Wednesday, January 24, 2007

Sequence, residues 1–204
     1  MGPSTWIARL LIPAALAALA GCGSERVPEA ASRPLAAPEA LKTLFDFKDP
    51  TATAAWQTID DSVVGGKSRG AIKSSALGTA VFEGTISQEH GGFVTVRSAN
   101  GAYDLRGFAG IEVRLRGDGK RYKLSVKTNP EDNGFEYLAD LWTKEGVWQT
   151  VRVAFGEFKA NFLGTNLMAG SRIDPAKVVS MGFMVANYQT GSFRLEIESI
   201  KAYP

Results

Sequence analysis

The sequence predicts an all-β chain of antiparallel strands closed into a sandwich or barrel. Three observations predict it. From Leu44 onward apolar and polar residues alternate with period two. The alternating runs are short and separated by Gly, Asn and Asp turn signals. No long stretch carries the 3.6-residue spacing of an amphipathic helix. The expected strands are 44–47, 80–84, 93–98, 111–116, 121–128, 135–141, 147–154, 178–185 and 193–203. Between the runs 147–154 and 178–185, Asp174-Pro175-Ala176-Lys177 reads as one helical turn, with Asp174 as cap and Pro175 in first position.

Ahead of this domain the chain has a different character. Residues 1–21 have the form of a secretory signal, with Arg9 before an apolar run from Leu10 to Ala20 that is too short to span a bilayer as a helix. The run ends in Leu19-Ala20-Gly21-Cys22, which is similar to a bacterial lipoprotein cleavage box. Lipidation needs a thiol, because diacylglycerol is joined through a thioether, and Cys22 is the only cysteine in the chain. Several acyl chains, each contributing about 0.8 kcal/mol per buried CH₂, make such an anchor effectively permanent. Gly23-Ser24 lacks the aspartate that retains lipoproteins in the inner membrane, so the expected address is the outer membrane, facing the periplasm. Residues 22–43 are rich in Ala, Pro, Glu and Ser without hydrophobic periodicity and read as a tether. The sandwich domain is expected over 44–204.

Only Begotten Daughter, by James Morrow. I liked this one, mostly because I don't have anything to dislike about it. The story could be considered controversial if you wanted to be anal about it; not all writing should be taken literally: it's just a story. Other than that, the narrative style was good, although a few large stretches of time were poorly conveyed. The characters were believable, the plot followed well, and the conventions were good. I remember no glaring errors, and the story was kind of fun. One and a half thumbs up, although raising just half a thumb is a little difficult. She, by H. Rider Haggard. Wow. I could only take about half an hour of this at a time before falling asleep or needing to get up and remind myself that I was still alive. It was very similar in alot of ways to the original Burroughs' Tarzan books, the first three or four of which I've read. Some of those similarities: Africa is a deep and mystical place, where you will find amazingly magical things which right-thinking people in England would swoon over. People of low birth or station are stupid and superstitious, and more noble people will prove to be so no matter the circumstances. If you try to describe amazing things, your reader might faint, so saying "which defies description," or "my poor pen would fail to capture its truth," is the best cop out available. The whole thing was mostly "thou hast" and "O [name]" and "ye didst." It was heavy, slogging reading. I would say that the conventions could use some work, but they seem to be within acceptable limits for the time of publication. There were definitely some errors, I can say with asperity, such as missing end parentheses, for example. My (late) New Year's Resolution is to stay away from Fantastic Fiction written before 1965.

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